15 May 2013

Basic Assessment notes - Part 4: Beekeeping

The Basic Assessment's syllabus is very broad. In fact it's massive. It is an introduction to every aspect of beekeeping except microscopy.

The later, much more challenging, modules cover only one knowledge area at a time and in much greater depth. The module exams are written papers, taken under exam conditions.

Assessing a beekeeper's knowledge for the Basic comprises a practical hive inspection followed by oral questions. Both should be completed within an hour - the examiner is expected to cover as much as they can, to make sure there are no serious knowledge gaps. So it's a fairly quick sweep through as much of the syllabus as possible, otherwise the examiner will end up running late which can prove stressful for candidates who are waiting for their assessment.

The Candidate will be:
4.1 able to give an elementary description of how to set up an apiary;
Location should be suitable for the bees:
  • Have a nearby source of water. (Bees need water to rehydrate their honey)
  • Be protected from cold northerly winds.
  • Be within easy flying distance of good foraging opportunities.
  • Be protected from livestock.
Location should be suitable for the beekeeper:
  • Convenient for the beekeeper, and
  • not too far from their home or
  • from where a vehicle will be parked. Hives and honey are heavy, so
  • no stiles or other obstacles en route.
  • Vehicle access is important to the beekeeper, so the apiary site also needs to be
  • securely behind locked gates, or concealed from potential thieves or vandals.
Hives need to be placed on stands, to keep them off the ground :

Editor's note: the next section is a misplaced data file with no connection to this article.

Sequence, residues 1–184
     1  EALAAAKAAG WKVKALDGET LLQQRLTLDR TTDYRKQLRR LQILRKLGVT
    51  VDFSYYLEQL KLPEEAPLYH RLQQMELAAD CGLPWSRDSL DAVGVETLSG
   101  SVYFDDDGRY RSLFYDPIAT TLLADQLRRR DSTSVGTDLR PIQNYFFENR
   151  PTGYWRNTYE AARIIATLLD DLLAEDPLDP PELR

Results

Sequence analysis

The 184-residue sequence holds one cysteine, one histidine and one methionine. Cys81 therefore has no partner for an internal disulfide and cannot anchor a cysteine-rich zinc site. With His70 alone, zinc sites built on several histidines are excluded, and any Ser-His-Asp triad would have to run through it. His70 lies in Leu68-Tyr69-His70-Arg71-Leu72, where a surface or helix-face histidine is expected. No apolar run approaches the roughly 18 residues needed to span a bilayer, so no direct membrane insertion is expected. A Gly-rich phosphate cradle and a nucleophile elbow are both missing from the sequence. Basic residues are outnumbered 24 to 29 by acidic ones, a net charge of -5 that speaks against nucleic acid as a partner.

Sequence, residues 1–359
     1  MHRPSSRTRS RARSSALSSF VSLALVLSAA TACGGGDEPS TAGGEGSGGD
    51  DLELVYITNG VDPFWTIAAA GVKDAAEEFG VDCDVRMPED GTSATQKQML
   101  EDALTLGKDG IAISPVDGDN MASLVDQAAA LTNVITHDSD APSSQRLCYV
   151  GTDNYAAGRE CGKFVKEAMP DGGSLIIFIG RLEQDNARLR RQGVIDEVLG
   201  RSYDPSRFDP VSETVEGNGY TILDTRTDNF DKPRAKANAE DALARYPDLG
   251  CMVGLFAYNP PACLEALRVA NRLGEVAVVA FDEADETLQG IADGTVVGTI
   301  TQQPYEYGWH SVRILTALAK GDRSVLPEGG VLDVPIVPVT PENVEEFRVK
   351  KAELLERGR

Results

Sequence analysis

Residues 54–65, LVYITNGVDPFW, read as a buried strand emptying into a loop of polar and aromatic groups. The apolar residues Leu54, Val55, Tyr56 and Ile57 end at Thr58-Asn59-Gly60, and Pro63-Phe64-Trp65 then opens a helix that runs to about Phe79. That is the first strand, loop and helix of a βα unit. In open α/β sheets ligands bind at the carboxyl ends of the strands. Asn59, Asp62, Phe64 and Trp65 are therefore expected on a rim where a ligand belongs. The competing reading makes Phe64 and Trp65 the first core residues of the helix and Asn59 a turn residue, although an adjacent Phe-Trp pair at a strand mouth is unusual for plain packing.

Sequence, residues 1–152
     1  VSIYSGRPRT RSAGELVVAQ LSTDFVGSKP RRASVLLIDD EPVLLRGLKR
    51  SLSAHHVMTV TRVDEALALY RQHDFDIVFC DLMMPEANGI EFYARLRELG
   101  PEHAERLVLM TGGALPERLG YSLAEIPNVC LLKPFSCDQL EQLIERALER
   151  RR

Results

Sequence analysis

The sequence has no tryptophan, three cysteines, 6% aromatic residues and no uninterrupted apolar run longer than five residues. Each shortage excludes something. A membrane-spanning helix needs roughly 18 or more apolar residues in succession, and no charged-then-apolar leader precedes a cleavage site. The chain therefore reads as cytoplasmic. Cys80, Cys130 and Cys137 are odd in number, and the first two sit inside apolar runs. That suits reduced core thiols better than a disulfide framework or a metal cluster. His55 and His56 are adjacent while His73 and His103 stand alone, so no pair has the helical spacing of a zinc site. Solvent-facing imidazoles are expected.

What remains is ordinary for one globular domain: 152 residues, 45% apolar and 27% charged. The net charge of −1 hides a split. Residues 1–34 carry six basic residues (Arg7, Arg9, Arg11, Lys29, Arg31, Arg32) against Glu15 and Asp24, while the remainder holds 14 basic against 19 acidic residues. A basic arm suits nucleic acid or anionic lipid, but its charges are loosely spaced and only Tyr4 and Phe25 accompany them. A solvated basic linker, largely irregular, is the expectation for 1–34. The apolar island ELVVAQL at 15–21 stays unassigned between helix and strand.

• To avoid beekeeper's back;
  • To keep hives above wet ground or possible low level flooding and away from wet vegetation.
  • So that hive debris and live varroa can fall through open mesh floor.
  • So there is adequate ventilation.
Hive stands need to be strong, but needn't be specially made. A couple of fence posts resting on bricks or breeze blocks will be strong enough to support two large colonies, plus honey supers. 

4.2 able to describe what precautions should be taken to avoid the honeybees being a nuisance to neighbours and livestock;
  • Around the apiary use screening, fencing or tall plants (shrubs/hedge) at least 6ft high to ensure the flightpath is above head height.
  • Face hives towards a tall hedge or tree to make the bees fly upwards and over adjacent gardens or allotments.
  • If on a farm or common land, the apiary should be securely fenced to ensure neither livestock nor wild animals can rub against the hives and irritate the bees - which will sting.
  • Don't put hives near footpaths or bridleways.
  • Move hives to a more remote out apiary if there are complaints.
4.3 able to describe the possible effects of honeybee stings on humans and able to recommend suitable first aid treatment;
Mostly there is limited reaction, the area around a sting will redden, swell and be itchy for a day or so. Treatment can be as simple as using ice to cool the area, but antihistamine will help reduce the itching.

Some individuals suffer anaphylactic shock, which is seriously life threatening. Medical help should be sought immediately. More information, including symptoms, from BBKA.

4.4 able to give an elementary description of the annual cycle of work in the apiary;
This will covered in more detail in later blog posts, but, in brief: